Critical illness insurance sales: spectacular first quarterBy Alain Thériault | July 06 2016 07:00AM
LIMRA results for Q1 2016 show a surge in CI insurance sales for both new premiums and number of policies.
In the first quarter of 2016, insurers in Canada sold 17% more CI insurance policies than in the first quarter of 2015, the latest LIMRA report confirms. New premium sales were 13% higher at the end of the comparison period.
In an exclusive interview with The Insurance and Investment Journal, Karen Terry, assistant managing director - Insurance Research at LIMRA, describes the results as spectacular. “It’s been a great start for the year. All products and the two tiers of the carriers are up in the double digits. That’s unique,” she says.
This rise is fuelled by several factors. For one, the first quarter of 2015 was weak, and it was easy to grow from there, Terry notes. “Some carriers mentioned more competitive pricing and others introduced new products,” she continues.
Terry foresees continuing strength in critical illness insurance sales this year. “We’re hoping that the growth continues. No indicators are telling us otherwise.”
These trends are promising. Suppliers told LIMRA that they are stepping up their efforts to market critical illness insurance products.
“Carriers told us that they want to increase the focus on CI products, in an environment a little bit more challenging for UL and other products more sensitive to low interest rates. This brings more potential for simpler and more protection-oriented products,” she explains.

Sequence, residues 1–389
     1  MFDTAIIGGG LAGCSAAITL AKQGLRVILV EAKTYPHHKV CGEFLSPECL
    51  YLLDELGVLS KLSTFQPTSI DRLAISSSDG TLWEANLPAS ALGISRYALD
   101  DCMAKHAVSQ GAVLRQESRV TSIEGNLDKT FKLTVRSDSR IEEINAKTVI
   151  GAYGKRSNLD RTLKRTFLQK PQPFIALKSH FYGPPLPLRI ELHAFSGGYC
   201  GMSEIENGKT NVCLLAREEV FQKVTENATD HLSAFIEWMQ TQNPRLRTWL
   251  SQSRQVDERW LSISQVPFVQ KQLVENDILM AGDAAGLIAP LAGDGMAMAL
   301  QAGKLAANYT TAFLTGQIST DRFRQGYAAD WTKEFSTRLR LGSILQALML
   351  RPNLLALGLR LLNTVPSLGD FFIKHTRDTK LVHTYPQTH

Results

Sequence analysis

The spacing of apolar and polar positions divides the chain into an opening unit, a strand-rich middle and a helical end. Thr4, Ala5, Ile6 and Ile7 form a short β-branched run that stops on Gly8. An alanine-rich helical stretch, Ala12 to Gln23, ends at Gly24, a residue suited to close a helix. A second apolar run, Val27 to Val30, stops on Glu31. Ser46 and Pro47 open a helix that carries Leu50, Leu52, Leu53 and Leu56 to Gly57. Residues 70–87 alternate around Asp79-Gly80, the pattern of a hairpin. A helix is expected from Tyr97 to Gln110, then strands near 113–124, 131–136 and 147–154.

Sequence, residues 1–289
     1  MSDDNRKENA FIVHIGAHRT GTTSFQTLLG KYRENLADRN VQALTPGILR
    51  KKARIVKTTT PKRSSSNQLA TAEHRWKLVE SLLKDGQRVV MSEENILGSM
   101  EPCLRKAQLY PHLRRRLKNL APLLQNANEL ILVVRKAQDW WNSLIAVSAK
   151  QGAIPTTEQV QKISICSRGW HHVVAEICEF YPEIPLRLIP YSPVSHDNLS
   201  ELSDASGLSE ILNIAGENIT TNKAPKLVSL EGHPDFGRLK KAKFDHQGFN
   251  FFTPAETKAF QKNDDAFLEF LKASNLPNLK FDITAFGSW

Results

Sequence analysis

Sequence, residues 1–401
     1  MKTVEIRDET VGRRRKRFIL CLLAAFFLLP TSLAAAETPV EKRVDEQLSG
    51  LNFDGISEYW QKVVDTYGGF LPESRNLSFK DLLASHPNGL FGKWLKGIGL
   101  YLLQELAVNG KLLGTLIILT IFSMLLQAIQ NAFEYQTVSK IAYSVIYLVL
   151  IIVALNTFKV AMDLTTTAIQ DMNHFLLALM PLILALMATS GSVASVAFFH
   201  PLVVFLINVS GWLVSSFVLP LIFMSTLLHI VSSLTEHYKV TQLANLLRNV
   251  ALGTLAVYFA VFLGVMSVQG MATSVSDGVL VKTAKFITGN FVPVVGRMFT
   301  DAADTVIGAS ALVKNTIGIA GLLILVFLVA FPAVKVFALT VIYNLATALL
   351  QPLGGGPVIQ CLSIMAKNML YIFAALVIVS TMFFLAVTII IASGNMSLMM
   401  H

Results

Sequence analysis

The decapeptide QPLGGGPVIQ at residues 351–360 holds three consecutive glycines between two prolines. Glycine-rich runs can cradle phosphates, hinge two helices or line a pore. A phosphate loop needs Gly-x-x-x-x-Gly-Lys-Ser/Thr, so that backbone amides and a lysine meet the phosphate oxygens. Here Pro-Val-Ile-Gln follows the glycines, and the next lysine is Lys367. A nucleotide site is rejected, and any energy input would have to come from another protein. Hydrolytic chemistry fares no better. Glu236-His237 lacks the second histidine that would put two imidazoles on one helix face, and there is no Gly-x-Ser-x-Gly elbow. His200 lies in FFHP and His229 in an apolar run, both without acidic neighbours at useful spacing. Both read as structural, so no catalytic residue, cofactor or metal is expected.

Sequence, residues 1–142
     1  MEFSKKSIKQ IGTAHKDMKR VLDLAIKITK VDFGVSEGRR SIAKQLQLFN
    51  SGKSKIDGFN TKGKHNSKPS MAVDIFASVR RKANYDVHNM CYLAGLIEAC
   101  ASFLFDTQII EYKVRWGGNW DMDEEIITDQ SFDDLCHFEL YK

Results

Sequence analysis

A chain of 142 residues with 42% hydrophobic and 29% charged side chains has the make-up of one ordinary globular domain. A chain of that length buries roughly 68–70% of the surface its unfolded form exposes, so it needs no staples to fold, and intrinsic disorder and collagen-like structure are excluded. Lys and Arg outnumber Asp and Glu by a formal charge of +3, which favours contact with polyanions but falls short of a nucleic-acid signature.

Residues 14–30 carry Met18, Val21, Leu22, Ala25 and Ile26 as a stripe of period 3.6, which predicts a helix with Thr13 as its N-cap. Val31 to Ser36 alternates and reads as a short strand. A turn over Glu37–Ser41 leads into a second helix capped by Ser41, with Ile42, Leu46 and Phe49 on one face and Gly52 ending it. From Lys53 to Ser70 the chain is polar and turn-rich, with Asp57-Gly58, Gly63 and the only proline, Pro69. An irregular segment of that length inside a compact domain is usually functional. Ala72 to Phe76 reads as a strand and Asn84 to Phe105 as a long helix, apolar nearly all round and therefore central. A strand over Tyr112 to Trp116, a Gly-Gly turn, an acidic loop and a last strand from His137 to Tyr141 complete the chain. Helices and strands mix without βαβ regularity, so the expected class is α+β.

However, no insurers announced plans to launch new CI products in 2016. “Carriers will be spending a lot of time and resources on the new regulations and the exempt test changes,” Terry points out.
The upturn that followed the price hikes of 2012 was more than a flash in the pan. “There’s been a turnaround since 2015, and CI sales continue to build on it,” she says.
High prices hobbled guaranteed product sales, and had a more modest effect on limited period level. After negative sales in 2013, critical illness insurance stagnated in 2014.
Between the first quarters of 2015 and 2016, all products regained momentum. In fact, the permanent product, hit hardest by price hikes, made the strongest comeback. During the comparison period, new premium sales for permanent climbed 17%, versus 12% for the term product (unaffected by the higher prices) and 11% for limited period level. The permanent product thus drove one-third of sales in the first quarter.
Terry reports that all networks saw growth in critical illness insurance sales. Sales in the independent network soared by 18% in Q1 2016 compared with the same quarter of 2015. “MGAs reported the highest growth of all the independent channels,” Terry says. During this time, the career network saw a 6% increase.
The independent network cornered 63% of all critical illness insurance premiums sold in the first quarter, versus 58% at the same time last year. LIMRA cites the permanent product as the growth driver for independents. This network achieved growth of 27% in its permanent product sales. Term was the star product for the career agent network, with sales up by 13%.
After emerging in Canada in the mid-‘90s, the critical illness insurance market has swelled to $826 million in premiums in force, an 8% rise since 2015. Today, policies in force total 760,000, for growth of 9%. Sixteen companies participated in the survey. Terry says they represent the vast majority of the market.